While I’m on the topic, my Fin column last week was about the National Water Initiative, which is in danger of becoming collateral damage in the fights between the Federal government and the states. It’s over the page.
We often hear calls for state and federal governments to adopt a co-operative, rather than confrontational, approach to major national problems. And there can be few areas of policy where such calls make more sense than that of water policy, particularly in relation to the Murray-Darling Basin.
The problems of the Murray-Darling Basin are severe and well-known: irrigation-related and dryland salinity, declining stocks of native fish, widespread loss of wetlands and the associated flora and fauna and, above all, demands for water that exceed the capacity of the system to meet them.
The problems are severe, but they are not insuperable. Since the late 1980s, a combination of measures, including extensive engineering works, a cap on extractions and improved on-farm management has achieved at least a temporary halt in the decades-long trend towards rising salinity levels in the river system. Relatively modest increases in environmental flows of water could yield large benefits in vulnerable ecosystems. The allocation of well-defined tradeable water rights with a clear allocation of risk could yield significant improvements in both economic and environmental outcomes.
By early 2004, it seemed that we had finally managed to achieve a coherent and co-operative approach to the management of water issues, both within particular jurisdictions and, as in the case of the Murray-Darling Basin, involving multiple governments and levels of government. The National Water Initiative, first proposed in 2003, was agreed in 2004.
The Initiative includes agreements in principle on how to deal with such crucial issues as the allocation of risk, full-cost pricing, and environmental sustainability. On the one hand, it required that overallocated water systems should be returned to sustainable levels of use in order to meet environmental outcomes, with substantial progress by 2010. On the other hand, the creation of well-defined perpetual water entitlements, in place of more limited existing rights and licenses, promised irrigators and other water users a degree of certainty and flexibility that had been missing in the past.
Unfortunately an outbreak of old-fashioned federal-state rivalry almost immediately threatened to derail the entire deal. During the 2004 election campaign, the Howard government announced that the Commonwealth contribution to the National Water Initiative would be funded by taking money previously allocated to the states for National Competition Policy payments. The states immediately announced their withdrawal from the Initiative, putting the whole process in doubt for the better part of a year.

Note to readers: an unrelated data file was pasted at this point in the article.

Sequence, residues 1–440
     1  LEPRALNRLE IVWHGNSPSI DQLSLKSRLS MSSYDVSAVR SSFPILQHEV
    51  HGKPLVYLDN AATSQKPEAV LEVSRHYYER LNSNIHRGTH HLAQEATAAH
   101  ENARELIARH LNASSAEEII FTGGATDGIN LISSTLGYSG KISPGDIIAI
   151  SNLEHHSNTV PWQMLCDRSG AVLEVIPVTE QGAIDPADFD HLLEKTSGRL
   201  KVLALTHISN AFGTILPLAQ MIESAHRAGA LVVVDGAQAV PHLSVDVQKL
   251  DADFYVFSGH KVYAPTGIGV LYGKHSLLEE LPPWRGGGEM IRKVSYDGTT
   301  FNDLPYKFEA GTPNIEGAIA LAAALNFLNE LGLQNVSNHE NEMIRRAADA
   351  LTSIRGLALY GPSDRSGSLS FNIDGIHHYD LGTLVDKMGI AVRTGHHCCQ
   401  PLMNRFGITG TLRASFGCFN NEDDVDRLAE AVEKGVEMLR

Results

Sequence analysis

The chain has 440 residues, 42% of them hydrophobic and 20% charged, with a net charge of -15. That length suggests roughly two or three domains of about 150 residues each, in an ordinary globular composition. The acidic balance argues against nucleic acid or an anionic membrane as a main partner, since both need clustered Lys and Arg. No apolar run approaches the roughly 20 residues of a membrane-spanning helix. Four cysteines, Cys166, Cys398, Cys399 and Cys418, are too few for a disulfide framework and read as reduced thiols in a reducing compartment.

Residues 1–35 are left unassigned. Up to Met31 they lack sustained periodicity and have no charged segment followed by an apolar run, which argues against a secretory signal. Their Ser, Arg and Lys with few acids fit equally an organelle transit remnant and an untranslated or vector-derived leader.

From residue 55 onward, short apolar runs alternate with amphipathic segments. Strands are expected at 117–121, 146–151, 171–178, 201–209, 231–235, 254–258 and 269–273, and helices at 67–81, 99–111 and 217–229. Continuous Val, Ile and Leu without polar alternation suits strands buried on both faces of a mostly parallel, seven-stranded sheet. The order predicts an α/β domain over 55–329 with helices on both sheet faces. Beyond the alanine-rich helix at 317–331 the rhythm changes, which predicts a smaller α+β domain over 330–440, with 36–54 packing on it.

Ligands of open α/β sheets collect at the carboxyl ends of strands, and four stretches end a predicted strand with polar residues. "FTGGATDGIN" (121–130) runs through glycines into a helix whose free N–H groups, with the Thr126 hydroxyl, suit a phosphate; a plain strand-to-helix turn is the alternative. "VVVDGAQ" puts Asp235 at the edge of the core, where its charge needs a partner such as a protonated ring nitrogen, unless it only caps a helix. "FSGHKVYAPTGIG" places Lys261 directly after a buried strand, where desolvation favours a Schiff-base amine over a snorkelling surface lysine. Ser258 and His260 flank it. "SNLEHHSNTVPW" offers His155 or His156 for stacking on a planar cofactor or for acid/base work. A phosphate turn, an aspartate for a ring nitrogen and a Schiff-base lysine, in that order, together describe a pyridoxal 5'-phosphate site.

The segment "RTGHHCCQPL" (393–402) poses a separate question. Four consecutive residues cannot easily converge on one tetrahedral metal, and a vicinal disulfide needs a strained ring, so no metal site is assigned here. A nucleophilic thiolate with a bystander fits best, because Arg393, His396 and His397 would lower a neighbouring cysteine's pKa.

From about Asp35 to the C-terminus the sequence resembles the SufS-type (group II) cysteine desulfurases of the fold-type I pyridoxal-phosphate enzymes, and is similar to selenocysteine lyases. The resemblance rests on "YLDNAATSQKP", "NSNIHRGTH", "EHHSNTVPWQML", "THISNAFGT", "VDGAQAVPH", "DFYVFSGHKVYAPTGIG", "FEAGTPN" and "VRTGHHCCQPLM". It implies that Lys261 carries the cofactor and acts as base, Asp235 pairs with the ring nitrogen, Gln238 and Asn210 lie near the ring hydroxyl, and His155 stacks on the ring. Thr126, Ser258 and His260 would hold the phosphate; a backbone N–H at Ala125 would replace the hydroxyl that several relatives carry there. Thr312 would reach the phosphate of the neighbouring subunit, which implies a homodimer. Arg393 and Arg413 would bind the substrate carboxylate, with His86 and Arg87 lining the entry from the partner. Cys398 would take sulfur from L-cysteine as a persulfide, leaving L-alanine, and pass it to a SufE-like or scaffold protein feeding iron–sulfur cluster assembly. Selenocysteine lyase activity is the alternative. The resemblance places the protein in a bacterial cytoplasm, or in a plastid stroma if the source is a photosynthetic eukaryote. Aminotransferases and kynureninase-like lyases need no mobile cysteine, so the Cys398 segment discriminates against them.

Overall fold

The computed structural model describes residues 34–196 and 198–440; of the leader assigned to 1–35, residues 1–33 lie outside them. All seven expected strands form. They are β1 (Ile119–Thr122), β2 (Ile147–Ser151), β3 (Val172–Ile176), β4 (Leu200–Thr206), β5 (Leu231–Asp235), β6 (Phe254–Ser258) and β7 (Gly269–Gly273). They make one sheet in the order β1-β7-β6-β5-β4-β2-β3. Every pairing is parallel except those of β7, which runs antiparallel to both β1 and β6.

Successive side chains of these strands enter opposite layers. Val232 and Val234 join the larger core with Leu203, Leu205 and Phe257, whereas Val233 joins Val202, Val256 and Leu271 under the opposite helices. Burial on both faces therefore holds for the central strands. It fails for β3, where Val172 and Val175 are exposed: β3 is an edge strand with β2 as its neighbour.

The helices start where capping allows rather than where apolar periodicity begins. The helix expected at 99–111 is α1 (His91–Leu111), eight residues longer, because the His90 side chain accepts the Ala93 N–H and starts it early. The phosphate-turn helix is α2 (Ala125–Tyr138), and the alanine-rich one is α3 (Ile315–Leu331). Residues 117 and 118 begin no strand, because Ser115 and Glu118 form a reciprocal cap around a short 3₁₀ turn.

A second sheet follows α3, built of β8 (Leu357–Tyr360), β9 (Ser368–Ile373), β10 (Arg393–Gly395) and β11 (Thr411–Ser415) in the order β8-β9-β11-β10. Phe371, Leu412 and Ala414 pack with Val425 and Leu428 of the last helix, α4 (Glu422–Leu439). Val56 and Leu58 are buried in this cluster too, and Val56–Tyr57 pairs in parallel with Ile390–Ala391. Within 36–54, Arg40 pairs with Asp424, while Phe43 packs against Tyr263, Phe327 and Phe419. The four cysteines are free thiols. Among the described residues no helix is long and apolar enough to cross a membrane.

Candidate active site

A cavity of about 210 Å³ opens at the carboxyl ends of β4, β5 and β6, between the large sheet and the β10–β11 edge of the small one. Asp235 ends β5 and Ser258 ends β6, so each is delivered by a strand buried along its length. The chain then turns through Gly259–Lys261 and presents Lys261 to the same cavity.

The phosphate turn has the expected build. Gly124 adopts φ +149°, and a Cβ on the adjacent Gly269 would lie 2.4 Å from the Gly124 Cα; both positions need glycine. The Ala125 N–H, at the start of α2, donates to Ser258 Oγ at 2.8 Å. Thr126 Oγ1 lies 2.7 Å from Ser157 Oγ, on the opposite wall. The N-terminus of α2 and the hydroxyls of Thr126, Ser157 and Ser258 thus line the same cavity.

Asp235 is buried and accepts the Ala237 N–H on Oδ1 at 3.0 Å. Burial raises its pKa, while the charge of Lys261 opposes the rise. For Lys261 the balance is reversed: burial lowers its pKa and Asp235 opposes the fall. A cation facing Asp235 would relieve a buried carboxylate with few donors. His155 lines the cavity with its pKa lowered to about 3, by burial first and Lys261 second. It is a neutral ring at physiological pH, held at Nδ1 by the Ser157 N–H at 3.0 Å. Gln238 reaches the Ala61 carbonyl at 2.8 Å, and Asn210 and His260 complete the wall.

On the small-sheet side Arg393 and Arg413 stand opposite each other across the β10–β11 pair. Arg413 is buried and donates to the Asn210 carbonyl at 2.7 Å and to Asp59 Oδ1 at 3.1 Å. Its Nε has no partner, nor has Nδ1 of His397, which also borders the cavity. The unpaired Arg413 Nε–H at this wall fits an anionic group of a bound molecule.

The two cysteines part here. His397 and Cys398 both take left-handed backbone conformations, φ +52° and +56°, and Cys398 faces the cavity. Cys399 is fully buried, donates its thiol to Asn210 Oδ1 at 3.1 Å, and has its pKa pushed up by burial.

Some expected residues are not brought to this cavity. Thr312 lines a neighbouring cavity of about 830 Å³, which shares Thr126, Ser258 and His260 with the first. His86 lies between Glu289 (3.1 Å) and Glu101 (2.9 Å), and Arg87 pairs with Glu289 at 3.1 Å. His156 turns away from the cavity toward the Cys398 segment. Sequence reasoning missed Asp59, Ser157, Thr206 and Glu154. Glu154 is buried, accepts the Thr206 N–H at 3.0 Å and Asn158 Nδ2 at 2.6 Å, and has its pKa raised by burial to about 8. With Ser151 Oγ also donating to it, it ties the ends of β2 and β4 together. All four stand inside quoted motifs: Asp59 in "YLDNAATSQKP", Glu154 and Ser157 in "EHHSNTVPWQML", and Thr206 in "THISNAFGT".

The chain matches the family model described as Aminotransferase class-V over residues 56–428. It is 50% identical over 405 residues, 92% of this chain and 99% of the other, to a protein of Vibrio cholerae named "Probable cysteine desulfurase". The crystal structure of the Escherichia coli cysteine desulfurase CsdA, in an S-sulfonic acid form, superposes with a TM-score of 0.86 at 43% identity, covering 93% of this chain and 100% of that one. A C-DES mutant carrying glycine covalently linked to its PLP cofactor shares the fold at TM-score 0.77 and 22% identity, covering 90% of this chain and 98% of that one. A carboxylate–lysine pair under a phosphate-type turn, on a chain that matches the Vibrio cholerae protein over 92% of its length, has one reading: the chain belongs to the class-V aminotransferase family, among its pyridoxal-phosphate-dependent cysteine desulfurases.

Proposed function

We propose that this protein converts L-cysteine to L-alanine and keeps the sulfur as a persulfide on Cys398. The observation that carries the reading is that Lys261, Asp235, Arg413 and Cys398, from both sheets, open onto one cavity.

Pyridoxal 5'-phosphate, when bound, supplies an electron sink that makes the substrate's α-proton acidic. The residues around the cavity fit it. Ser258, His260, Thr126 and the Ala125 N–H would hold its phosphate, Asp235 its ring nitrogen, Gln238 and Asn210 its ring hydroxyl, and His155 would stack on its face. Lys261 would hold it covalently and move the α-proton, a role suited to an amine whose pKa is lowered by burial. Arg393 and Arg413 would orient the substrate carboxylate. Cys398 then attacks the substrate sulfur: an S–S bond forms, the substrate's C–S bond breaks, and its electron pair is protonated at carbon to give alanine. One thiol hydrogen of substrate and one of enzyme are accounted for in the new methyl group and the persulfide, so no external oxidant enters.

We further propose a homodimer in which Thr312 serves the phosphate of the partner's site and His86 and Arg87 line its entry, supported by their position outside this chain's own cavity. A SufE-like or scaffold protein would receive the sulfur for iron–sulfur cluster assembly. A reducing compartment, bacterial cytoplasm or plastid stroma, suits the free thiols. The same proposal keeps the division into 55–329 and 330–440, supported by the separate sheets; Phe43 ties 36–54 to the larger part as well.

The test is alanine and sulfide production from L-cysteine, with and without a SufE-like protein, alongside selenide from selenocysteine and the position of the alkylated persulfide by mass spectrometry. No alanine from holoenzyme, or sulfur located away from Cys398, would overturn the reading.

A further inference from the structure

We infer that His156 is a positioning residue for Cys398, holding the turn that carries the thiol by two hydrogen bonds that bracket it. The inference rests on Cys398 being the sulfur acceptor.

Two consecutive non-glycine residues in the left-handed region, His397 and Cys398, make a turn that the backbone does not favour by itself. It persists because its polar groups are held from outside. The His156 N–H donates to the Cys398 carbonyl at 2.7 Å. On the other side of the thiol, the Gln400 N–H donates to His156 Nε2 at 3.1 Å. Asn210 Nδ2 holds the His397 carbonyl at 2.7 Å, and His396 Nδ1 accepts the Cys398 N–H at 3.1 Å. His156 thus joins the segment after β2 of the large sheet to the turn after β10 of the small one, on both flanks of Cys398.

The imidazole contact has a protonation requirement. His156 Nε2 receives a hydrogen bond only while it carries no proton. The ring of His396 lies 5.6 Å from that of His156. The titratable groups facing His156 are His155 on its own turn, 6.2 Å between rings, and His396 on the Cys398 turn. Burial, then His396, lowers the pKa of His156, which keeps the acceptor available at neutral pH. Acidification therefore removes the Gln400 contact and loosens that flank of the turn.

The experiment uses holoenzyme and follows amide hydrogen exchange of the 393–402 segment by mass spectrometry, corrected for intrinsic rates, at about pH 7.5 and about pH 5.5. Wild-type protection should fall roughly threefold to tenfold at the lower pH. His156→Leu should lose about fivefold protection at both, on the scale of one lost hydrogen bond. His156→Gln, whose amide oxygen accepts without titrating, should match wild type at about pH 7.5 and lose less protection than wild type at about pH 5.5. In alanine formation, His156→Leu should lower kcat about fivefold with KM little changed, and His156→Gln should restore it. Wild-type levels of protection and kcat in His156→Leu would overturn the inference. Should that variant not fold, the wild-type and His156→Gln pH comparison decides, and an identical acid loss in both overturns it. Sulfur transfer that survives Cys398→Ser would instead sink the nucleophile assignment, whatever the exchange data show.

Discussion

A month or two ago, it appeared that the process was getting back on the rails, with the state governments gradually returning to negotiations, and a variety of projects being proposed. Then it emerged that the Commonwealth intended to attach a wide variety of strings to any project to which it contributed, notably including the requirement that its preferred approach to industrial relations be adopted.
On each of these occasions, the Commonwealthâ€™s position was not entirely indefensible. It had never been promised that the competition policy payments would continue indefinitely. And the practice of tying grants to various more or less unpalatable conditions long predates this exercise.
Still, the net result has been that, if the states want to do anything about the problems of our rivers and water supply system, they have to accept draconian conditions in order to get back what is, in effect their own money. The ultimate risk in all this is that, sooner or later, the states will be pushed to the point where they give up, and drop the entire problem in the lap of the Commonwealth. Whatever the constitutional position, water problems now have such a high national profile that it would be hard for the Commonwealth to avoid taking responsibility, even though it lacks the resources and expertise to do much of the necessary work.
Such an extreme outcome is still some way off. But when we combine the confrontational centralism that has characterised the Howard government lately, particularly as the disappearance of the Senate obstacle approaches, with the specific instances in which the water initiative has been used as a political football, it seems unlikely that much will be left of the spirit of co-operative federalism before long.
In a situation where a triumphantly re-elected Coalition government at the federal level faces eight Labor governments at the state and territory level, some conflict is inevitable. But water is too important to be held hostage to conflicts over industrial relations or intergovernmental financial relations. A renewed outbreak of co-operation is urgently needed.